Also stronger muscles don’t need to clinch as tightly to perform the same level of work as weaker muscles, so they allow more oxygen to get into the muscles and allow longer intense efforts with less fatigue. Much of the pain we feel hiking for long periods comes from the affects of oxygen deprivation in muscles.
Endurance is the ability to sustain an effort for long periods of time and still have some reserves for the last leg of the day. You build endurance in a different way than you build absolute strength. Strength comes from working muscles a few times at their near maximum capacity until they are exhausted – can’t do anymore for awhile. Endurance comes from lots of repetitions at a speed or a weight that can be maintained for an extended period of time. It literally trains your body to burn abundant fuels like fat and conserves precious fuels like carbohydrates.
So how hard do you need to work on improving your strength and endurance? A bit harder than you did last season is a start. Are you just starting to sail a Laser? Then try to be in better shape in April than you are now. I would start with building your abs and quads with bicycle crunches, wall sits, Roman-chair back lifts, leg lifts, etc.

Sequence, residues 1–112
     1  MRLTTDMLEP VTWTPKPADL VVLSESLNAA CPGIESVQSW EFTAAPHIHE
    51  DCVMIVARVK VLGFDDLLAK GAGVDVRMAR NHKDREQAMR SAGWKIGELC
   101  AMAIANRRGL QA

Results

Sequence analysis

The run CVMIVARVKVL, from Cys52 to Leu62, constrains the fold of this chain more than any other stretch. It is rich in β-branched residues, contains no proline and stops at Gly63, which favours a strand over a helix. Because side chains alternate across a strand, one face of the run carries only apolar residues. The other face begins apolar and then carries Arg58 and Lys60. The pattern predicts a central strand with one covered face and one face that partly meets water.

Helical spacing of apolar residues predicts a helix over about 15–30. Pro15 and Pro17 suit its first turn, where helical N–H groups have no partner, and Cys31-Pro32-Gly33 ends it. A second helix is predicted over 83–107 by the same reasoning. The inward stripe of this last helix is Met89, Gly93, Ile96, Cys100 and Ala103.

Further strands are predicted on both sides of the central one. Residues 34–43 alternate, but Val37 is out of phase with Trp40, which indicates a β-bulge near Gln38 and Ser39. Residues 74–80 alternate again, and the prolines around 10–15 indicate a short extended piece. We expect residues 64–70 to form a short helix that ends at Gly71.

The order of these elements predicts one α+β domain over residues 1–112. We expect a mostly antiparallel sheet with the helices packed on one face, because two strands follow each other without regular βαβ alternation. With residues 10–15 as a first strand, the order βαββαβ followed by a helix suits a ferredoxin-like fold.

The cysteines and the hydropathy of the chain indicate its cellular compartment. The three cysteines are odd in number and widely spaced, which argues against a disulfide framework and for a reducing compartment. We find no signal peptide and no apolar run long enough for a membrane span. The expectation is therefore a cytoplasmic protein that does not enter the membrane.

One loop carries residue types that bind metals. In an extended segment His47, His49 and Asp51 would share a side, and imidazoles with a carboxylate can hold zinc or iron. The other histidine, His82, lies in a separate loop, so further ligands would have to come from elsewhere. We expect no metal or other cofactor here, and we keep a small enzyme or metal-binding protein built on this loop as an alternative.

With as little as a once a week workout you’ll pull you’re self up from where you are. Got time to do it twice a week sometimes? Even better, but be sure to leave a day or two recovery time between sessions to allow your muscles to repair and strengthen.
This article isn’t designed to outline a complete workout, but to suggest that you can decide how much time and effort you want to commit to the conditioning side of your sailing in order to improve your racing results. Be careful not to over commit and then quit. A steady small effort will put you in a good place to learn how hard you want to work next year.
What have you tried? How did it work?